Ukraine PM Tymoshenko faces old rival in runoff

KIEV Sun Jan 17, 2010 6:46pm EST

1 of 3. Ukraine's Prime Minister and presidential candidate Yulia Tymoshenko addresses the media in Kiev, January 17, 2010.

Credit: Reuters/David Mdzinarishvili

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KIEV (Reuters) - Ukraine faces a run-off vote next month between opposition leader Viktor Yanukovich and populist Prime Minister Yulia Tymoshenko after an election for president produced no outright winner, exit polls showed.

The election will define how Ukraine, a former Soviet republic of 46 million people wedged between the European Union and Russia, handles relations with its powerful neighbours and may help unblock frozen IMF aid for its ailing economy.

Exit polls showed Yanukovich winning the most votes, but analysts expect Tymoshenko to pick up a higher proportion of second round votes from defeated candidates and say Yanukovich may struggle to extend his appeal beyond his support base in the Russian-speaking east of the country.

A slew of exit polls showed Yanukovich, a 59-year-old former mechanic, won 31-38 percent of Sunday's vote.

Tymoshenko, 49, who helped lead the pro-Western Orange Revolution against Yanukovich's rigged 2004 presidential election victory and is most popular in the European-leaning west of the country, scored between 25 and 27 percent.

First official results, with only a fraction of votes counted, showed Yanukovich on 38 percent and Tymoshenko on 25 percent. Counting was to continue through the night.

Tymoshenko hailed the result as proof that Yanukovich had no chance in the second round, scheduled for February 7, and called for talks with the eliminated candidates.

"As of today I am ready for talks so that we can move forward with uniting the democratic forces," she told reporters.

KNOCK-OUT STRATEGY

Andrew Wilson, a senior policy fellow at the European Council on Foreign Relations, said the key survey was the one organised by the National Exit Poll Consortium which showed only a four-point gap between the two strongest candidates.

"Yanukovich's strategy was to knock (Tymoshenko) out in round one with a big lead," he said. "Clearly that has not paid off by any means. Most of the other candidates look like breaking in her favor. He's not got the reserves left."

Two candidates who came third and fourth, former central bank chief Sergey Tigipko and former parliament speaker Arseniy Yatsenyuk, said they would not come out in support of any candidate in the second round.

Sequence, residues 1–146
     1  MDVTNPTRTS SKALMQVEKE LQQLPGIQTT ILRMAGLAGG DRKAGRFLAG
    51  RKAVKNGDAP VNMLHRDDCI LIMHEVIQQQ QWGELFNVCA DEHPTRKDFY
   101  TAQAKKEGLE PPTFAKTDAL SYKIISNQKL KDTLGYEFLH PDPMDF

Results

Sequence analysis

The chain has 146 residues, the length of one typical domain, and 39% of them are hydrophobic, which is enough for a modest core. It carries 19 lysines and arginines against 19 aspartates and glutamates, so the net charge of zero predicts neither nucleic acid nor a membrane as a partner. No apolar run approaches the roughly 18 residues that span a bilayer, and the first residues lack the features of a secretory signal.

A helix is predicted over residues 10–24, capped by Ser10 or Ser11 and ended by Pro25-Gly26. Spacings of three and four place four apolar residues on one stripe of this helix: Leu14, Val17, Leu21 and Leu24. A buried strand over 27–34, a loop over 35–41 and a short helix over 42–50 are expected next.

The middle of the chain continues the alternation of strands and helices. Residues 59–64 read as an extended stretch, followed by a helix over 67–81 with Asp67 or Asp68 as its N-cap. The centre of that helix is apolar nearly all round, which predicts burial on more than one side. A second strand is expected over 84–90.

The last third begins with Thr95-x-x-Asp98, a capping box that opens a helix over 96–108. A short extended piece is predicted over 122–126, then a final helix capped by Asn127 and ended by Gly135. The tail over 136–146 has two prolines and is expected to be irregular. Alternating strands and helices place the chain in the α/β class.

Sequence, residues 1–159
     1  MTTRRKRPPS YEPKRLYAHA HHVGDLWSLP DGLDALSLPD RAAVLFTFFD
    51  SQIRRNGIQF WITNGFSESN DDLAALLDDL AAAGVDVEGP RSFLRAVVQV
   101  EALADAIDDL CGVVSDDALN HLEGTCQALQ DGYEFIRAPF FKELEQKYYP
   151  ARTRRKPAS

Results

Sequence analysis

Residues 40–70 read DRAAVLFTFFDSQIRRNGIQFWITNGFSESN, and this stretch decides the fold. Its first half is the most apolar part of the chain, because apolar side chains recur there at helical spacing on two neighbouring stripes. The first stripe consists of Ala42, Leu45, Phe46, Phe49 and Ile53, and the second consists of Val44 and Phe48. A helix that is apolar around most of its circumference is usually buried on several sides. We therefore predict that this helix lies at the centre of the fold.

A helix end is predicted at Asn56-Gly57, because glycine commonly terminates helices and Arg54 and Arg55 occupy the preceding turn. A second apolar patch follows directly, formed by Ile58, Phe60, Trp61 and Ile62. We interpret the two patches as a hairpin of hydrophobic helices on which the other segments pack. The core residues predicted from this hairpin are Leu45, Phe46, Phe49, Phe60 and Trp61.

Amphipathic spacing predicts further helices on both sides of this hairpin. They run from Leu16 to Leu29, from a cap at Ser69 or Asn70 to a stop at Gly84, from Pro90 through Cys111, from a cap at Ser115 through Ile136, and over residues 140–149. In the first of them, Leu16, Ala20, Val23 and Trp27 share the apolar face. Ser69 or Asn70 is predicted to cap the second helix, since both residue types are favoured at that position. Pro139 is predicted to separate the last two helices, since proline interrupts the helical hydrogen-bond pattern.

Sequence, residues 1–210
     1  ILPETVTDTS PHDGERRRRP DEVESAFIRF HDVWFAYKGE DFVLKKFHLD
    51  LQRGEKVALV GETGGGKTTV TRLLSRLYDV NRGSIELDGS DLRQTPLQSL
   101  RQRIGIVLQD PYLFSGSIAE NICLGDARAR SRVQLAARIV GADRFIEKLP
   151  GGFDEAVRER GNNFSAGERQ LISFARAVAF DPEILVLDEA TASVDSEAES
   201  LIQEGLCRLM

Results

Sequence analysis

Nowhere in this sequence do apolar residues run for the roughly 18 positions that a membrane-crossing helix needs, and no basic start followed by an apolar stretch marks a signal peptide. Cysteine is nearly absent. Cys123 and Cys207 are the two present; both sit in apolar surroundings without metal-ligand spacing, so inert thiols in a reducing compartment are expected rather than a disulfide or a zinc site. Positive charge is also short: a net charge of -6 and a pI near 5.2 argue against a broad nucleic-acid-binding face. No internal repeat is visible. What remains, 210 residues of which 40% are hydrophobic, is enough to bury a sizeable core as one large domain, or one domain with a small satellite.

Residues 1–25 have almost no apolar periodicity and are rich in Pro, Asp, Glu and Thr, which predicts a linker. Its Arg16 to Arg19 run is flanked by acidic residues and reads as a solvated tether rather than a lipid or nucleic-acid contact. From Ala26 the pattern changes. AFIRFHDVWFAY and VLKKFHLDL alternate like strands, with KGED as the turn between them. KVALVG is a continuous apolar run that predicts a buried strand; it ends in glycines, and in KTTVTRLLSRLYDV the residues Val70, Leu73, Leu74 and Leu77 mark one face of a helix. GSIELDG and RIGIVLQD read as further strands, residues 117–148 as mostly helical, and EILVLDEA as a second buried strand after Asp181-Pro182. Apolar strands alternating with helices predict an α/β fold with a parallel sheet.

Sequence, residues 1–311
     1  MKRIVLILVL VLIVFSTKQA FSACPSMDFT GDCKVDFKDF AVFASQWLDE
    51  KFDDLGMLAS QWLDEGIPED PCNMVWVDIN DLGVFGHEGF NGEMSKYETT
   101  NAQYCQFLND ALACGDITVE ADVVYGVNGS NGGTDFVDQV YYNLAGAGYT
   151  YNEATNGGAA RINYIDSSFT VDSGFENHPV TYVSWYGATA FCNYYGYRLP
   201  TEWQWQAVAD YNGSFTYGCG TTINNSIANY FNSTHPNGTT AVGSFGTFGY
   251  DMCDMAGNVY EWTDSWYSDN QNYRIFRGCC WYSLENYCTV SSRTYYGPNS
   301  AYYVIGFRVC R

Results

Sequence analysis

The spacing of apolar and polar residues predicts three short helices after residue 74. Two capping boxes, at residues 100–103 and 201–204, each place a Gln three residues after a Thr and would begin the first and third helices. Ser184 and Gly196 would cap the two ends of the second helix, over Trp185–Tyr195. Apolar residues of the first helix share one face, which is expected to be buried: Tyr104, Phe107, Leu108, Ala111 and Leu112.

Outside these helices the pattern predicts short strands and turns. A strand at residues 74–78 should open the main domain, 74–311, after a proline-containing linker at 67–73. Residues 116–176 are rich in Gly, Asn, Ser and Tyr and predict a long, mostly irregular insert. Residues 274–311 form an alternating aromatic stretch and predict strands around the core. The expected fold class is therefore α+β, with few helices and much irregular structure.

An aide to Tymoshenko, a populist who amassed a fortune in her years in the gas industry, said however that her camp hoped to meet Tigipko in the next few days.

Widespread disenchantment with politics and anger over a deep economic crisis marked the vote.

Voters appear to have punished incumbent President Viktor Yushchenko, one of the architects of the Orange Revolution, for the country's recent political in-fighting.

The Western-funded National Exit Poll Consortium gave Yushchenko just 6 percent.

Both the leading candidates have pledged to seek better relations with neigbouring energy supplier Russia, in part to avoid the spats of recent years which led to supply cut-offs affecting parts of Europe.

Yanukovich has called for a strong, independent Ukraine following a neutral path and not joining NATO or any other bloc. He attacked Yushchenko for excessively confrontational policies toward Russia and says Ukraine's real enemy is poverty.

His Party of the Regions is allied to the Kremlin's United Russia party but Yanukovich has been careful to avoid appearing as Moscow's stooge this time around.

He was tarnished by a scandal in 2004, when he initially claimed victory in an election tainted by allegations of fraud and was subsequently swept aside by the Orange Revolution.

Although Tymoshenko initially had stormy relations with Russia, she has tried to patch up her links to the Kremlin of late. Russia's Prime Minister Vladimir Putin has described her as a person Moscow can do business with.

(Additional reporting by Natalya Zinets, Yuri Kulikov and Pavel Polityuk; writing by Richard Balmforth, Michael Stott and Dmitry Solovyov, editing by Dominic Evans)

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